Article No: 115

2006-05-02 09:19:55
ICF coastal condo's lesson: Why would you ever build with anything else?
By: Carole McMichael


Photography courtesy of IntegraSpec GulfSouth

To most people, the name "Grand Caribbean," would bring to mind the lure of the tropics: gently rolling waves, moonlit nights and the relaxing pace of resort living. To architect David Lindsey, owner of IntegraSpec GulfSouth and builder of the Grand Caribbean, it is so much more.

A designer of cast-in-place concrete buildings for the last 25 years, Lindsey got involved with insulating concrete forms (ICFs) about seven years ago. He worked with a structural engineer who started telling him about the system. It sounded fascinating; but as he was used to things not being as good as they sound, he was very skeptical. After a year of being dragged to job after job, he began to work as a consultant.

Then he found IntegraSpec (www.integraspec.com) and concluded that a builder could do anything with the ICFs that he had done with cast-in-place. At that point, he bought distributor rights. He started out doing commercial buildings, but had just as much interest in residential, and by number, his company now does more residential. The Grand Caribbean is the first six-story building he has done with ICFs.

"We chose ICFs because we are in a hurricane area," Lindsey said, "and need the central strength of concrete. We have had a lot of trouble with water infiltration in buildings in this area, but not in this condo, so the owners feel safe. Another reason for using ICFs is the problem of killing sound from one unit to next. The one thing the owners all talk about is how quiet the units are. A third reason is energy efficiency. The owners are happy that their power bills are so low."

The Grand Caribbean offers 27,000 square feet per floor for five floors and 10,000 square feet for the sixth floor. The units, which average about 900 square feet, are a convenient size to serve the large rental market in Orange Beach, Ala. There are one- and two-bedroom units and large tower units. Those on the top level have fifth floor entry with a sixth floor loft. Most of the units were sold before erection began.

The Grand Caribbean captures the turn-of-the century Victorian look that is still very appealing in the housing market, but Lindsey chose it because he was determined to prove the flexibility of the product by showing builders that they can combine delicate looking architectural detailing in the formwork itself. All exterior columns and exterior beams were done with ICFs; in fact, almost everything on the exterior was done with ICFs.

The teaching trade
"The real reason ICF building for residential hasn't been so popular," Lindsey said, "is that most builders feel safe doing what they know; and they just don't know enough about construction with concrete. Once we educate people, usually their first reaction is 'why would you build anything but ICF houses?' But we haven't educated people. Once we reach a point in time where we are building 25 percent of the homes from ICFs, it is going to escalate to 75 percent over night because everyone will know somebody who lives in one and they will know how happy they are and all that doubt and fear of doing something new and unknown will go away.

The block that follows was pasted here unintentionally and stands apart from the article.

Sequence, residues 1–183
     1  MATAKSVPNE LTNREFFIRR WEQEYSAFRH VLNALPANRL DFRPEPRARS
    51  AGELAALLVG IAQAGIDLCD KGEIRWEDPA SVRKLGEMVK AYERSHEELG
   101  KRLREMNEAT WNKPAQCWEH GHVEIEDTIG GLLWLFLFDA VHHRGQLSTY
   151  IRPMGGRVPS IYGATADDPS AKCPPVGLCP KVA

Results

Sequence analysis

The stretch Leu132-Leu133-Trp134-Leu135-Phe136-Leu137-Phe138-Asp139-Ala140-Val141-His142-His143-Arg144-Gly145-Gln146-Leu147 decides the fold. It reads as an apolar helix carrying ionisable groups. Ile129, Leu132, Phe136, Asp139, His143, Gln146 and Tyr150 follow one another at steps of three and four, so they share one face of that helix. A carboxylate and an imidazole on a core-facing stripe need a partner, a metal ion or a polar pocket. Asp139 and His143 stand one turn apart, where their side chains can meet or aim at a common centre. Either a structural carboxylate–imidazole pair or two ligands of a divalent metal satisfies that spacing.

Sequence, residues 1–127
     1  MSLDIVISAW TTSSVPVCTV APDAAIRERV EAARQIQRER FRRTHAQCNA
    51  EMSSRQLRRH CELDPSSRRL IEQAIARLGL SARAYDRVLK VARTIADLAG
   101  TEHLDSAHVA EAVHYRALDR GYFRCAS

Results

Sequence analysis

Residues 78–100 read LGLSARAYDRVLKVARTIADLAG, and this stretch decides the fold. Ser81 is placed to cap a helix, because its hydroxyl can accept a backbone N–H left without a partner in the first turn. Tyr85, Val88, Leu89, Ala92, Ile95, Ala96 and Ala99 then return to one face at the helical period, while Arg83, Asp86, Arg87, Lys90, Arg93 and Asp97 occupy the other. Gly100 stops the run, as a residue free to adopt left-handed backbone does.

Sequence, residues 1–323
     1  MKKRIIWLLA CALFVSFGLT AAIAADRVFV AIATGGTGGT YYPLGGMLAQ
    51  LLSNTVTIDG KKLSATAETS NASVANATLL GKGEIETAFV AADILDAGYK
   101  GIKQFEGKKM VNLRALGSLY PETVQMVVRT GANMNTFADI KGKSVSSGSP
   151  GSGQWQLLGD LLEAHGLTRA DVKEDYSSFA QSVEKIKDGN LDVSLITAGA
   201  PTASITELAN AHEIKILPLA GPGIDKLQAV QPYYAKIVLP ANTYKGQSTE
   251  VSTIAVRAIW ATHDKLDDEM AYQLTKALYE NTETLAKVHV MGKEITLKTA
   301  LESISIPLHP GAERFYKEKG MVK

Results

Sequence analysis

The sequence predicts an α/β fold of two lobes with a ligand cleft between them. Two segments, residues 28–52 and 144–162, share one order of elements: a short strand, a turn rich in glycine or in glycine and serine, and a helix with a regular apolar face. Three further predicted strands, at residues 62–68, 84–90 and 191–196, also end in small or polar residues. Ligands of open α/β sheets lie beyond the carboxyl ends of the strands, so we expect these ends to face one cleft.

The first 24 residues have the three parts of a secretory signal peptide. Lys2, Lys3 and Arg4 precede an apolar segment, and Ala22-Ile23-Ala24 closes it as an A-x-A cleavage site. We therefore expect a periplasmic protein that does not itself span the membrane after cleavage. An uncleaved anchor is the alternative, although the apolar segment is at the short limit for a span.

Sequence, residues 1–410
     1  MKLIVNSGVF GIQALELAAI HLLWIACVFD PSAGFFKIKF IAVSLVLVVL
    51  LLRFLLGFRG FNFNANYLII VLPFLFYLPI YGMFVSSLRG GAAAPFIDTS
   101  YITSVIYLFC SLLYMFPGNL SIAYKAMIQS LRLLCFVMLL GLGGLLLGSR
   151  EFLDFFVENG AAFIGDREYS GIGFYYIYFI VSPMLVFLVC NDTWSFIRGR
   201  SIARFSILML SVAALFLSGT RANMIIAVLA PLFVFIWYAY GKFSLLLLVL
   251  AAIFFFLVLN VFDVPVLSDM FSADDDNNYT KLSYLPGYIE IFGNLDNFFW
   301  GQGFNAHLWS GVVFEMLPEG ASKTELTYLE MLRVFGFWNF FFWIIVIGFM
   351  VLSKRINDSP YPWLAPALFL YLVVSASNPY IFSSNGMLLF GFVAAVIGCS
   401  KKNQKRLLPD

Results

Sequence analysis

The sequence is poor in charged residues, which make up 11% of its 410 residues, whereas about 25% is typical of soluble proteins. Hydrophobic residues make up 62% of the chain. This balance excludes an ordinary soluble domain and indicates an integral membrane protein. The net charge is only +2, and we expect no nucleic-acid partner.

"When I got into this business, I got into ICF installation because I knew we would be going through an education process. I've given up my architectural practice to focus just on training installers, distributing materials and showing people that this is something they need to be doing.

"The biggest challenge on the Grand Caribbean was that building a six-story multiunit project like this is not like building other residential projects. We had a tight time frame, and teaching the crew was difficult because we were actually developing the system as we were figuring out how to build a building this size out of ICFs. I was on the job everyday — teaching and learning myself. We were fortunate to work with Coastal Builders' Larry Jacobsen as contractor."

The crew, which had varied concrete experience, was not trained in ICF construction. The majority were 25 years or younger, which turned out to be an advantage because they were open-minded about how things were done. According to Lindsey, they have really picked up on ICFs. They see learning this system as a potential career opportunity. By working on a concentrated project like this, they can grow faster than they would in another trade.

"Training is offered as part of my distributorship," Lindsey said. "We teach people all the way from organizing projects ahead of time to where the materials are, how they are handled, how different pours are set up, what works most effectively to set up pours and schedules to do that. A lot of that training has to be done in the field.

"We are doing installation now because I don't have enough trained crews available. I won't sell to people who are not trained. I want building with IntegraSpec to be a good experience. I make an evaluation with an individual to see how difficult this will be for him. I want him to know what obstacles might come up. Most training is done by me personally, and we will send our trained people to work with them. If there are one or two on the crew without experience, the job could take a long time. With four or five experienced crew members, a 2,500-square-foot single-story home could be raised in five to seven days."